Keeping America Safe and Safeguarding American Values

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Couch, Stuart; Hutson, John D.
human rights; national security; American values; torture; Abu Ghraib; Guantanamo Bay Naval Base; terrorism; Human Rights Law; Peace and Conflict Studies; Terrorism Studies
video description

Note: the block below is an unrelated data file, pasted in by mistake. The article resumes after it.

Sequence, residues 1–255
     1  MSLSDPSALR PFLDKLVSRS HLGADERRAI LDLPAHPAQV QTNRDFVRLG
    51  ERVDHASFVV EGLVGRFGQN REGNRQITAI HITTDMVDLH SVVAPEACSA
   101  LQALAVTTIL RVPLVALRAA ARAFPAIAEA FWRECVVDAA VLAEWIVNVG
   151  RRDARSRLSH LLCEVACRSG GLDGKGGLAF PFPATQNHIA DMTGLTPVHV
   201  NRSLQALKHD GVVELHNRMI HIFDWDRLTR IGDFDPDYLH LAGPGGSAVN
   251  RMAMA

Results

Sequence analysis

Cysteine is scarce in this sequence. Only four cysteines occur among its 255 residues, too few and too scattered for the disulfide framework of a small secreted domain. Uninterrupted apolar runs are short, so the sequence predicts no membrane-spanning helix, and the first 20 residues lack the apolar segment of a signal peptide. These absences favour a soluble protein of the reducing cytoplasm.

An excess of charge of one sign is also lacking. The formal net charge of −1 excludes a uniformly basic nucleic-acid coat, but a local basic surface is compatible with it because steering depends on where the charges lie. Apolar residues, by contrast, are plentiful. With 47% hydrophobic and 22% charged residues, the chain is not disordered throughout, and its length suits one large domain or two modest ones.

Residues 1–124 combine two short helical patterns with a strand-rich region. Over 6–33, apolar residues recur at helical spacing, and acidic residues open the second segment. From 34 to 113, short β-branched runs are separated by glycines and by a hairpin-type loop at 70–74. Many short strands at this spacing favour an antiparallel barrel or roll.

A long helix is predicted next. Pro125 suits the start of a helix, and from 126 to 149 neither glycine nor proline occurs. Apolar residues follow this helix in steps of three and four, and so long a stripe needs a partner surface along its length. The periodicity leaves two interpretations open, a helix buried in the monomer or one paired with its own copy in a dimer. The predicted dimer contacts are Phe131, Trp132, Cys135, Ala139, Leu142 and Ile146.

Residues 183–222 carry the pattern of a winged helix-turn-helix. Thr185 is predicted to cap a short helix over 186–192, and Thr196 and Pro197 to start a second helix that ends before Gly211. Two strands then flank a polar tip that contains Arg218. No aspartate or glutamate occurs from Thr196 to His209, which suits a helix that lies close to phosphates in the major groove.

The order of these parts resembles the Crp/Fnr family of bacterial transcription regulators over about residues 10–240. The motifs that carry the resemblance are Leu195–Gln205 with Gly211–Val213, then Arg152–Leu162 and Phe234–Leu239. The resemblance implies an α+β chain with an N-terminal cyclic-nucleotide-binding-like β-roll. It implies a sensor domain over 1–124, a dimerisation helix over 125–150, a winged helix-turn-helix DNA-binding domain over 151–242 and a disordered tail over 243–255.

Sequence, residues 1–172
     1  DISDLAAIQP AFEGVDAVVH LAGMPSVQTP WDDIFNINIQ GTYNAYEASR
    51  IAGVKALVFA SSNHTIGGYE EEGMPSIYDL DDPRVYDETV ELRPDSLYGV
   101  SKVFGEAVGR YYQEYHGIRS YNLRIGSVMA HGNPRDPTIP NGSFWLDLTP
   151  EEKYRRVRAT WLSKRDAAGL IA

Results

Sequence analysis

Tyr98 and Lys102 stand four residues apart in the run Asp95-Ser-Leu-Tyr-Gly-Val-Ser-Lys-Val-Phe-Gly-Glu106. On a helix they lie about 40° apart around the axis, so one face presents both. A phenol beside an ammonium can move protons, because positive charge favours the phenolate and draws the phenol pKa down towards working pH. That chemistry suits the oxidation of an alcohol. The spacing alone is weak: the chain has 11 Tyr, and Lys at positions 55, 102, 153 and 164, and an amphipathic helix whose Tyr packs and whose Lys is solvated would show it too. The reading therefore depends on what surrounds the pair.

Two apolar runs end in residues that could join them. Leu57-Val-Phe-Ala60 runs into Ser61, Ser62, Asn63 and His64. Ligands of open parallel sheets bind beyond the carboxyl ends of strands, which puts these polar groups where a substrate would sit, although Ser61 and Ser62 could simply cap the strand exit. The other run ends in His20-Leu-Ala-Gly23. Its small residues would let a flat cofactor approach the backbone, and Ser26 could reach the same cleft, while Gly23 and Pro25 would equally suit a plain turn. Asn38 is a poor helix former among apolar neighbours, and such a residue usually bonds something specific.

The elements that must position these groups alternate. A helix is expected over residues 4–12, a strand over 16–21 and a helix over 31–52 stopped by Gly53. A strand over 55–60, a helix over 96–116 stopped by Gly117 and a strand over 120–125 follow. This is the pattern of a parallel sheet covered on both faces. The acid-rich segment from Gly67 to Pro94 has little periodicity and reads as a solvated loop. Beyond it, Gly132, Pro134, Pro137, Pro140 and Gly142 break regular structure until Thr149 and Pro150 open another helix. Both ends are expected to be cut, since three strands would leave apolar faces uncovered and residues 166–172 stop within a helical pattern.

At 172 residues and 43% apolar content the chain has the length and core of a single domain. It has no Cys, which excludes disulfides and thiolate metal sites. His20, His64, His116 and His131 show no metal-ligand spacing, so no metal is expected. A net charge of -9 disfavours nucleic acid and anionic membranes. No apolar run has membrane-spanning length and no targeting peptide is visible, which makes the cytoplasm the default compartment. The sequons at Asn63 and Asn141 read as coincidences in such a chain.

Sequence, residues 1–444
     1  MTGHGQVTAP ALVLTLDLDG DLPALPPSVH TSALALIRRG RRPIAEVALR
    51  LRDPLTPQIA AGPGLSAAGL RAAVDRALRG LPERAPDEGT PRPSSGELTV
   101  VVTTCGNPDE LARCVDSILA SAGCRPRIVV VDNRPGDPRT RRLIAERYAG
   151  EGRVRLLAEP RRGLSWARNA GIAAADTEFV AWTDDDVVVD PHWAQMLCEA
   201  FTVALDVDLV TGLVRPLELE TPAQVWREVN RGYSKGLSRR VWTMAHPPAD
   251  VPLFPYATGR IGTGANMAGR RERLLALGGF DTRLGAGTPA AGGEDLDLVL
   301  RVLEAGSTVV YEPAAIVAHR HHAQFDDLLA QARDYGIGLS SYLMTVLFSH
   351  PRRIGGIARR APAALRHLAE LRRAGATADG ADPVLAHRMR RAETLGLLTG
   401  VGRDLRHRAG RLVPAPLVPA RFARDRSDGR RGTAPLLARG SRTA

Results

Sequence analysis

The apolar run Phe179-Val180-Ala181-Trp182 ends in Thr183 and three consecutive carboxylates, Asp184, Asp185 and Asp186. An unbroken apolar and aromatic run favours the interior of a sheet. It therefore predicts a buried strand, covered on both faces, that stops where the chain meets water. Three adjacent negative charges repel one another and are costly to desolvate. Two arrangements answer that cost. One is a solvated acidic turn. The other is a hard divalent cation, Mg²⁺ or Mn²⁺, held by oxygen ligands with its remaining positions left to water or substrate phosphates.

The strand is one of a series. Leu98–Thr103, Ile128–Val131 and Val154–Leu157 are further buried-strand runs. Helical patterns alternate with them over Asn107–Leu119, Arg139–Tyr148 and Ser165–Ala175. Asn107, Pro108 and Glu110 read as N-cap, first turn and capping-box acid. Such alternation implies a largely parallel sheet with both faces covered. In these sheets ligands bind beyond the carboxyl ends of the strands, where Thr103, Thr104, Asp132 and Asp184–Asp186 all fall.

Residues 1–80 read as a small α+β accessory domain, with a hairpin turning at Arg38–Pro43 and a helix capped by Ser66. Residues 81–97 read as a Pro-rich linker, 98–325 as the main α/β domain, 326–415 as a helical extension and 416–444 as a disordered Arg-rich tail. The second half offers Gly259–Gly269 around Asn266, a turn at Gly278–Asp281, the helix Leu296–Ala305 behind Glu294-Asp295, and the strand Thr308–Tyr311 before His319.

Since the beginning of the human rights movement in the mid-twentieth century, advocates of human rights and national security experts have often been at odds with one another. The former support the inviobility of human rights, while the latter stress the necessity of national security protection. In times of war, including the ongoing war on terrorism, a fundamental human right that often draws attention is the right to be free from torture. The Abu Ghraib abuse scandal and questions regarding detainee treatment at Guantanamo Bay Naval Base have underlined the significance of this human right.